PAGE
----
October 8, 2012

Adventures in Colored Soapsuds

Up till now, my soaps have been colored naturally.

My all-natural, unscented Antique Lace soap is a shade of cream, different in each batch I make. This is what milk soap looks like, pretty much. (This batch is cold-processed in my old mold.)

Or like this. (A hot-processed batch in my new mold. The cooking process makes the soap a darker color.)

I've used cream occasionally from our goat milk to make soap, and discovered that it makes a whiter soap. Who'd have guessed? This is Cranberries & Cream.

Vanilla oils will darken the soap color. This is Summer Sorbet, a combination of lime, watermelon, and vanilla fragrances. The scent is totally unexpected compared to its appearance - it's totally yummy-smelling.

This light celery green is my Herbal soap, made with herb-infused oils that give it that green color.

This was a coloring experiment that did turn out ok: red oxide mixed with half of the soap. I'll be doing this one again, in my new mold. It's called Oklahoma Sunset.

But then a friend and my daughter asked for lavender-scented soap. My daughter said if I could color it blue that would be wonderful. So... I added some concentrated liquid blue colorant specially made for soapmaking, and ended up with this:

I don't like it. At all. It looks like mud, and not even Oklahoma red mud, just mud. I'm sure it's because of the natural color of the goat milk soap, sort of a blue + natural brown/yellow = muddy green thing. I definitely prefer to stick with the natural colorants.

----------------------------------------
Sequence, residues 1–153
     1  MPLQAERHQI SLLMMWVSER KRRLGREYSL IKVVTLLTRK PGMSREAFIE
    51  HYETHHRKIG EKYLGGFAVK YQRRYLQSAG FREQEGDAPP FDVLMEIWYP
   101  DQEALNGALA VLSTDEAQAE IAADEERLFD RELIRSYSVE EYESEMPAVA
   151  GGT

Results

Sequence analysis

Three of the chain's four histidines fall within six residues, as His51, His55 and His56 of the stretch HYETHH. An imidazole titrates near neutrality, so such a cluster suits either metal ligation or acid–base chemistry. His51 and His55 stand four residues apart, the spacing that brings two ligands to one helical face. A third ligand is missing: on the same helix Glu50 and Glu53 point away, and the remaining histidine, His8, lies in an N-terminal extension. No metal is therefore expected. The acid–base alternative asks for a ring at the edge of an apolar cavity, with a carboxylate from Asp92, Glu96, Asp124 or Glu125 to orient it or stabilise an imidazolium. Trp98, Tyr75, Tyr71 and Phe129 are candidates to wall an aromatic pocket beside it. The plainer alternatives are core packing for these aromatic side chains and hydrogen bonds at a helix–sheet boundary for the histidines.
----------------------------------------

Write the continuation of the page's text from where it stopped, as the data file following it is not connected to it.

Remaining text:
It was back to the drawing board, and I decided to stick with an uncolored soap for this scent. I made the above bar with water instead of goat milk so that it would be white, and super-fatted it a bit more than usual. This was my first attempt at using water for soapmaking. Most people start with water and then move to milk soaps, but I did it backwards, and have been making goat milk soap exclusively for years.

Because I have more experience with the natural colorants, I feel more comfortable with them, and prefer them to colorants made with who-knows-what. I've also used cinnamon in brown soaps as both a colorant and an exfoliant, and paprika for an orange-y color. I haven't yet found anything that will give a blue or purple color, which is what I wanted for the lavender soap.


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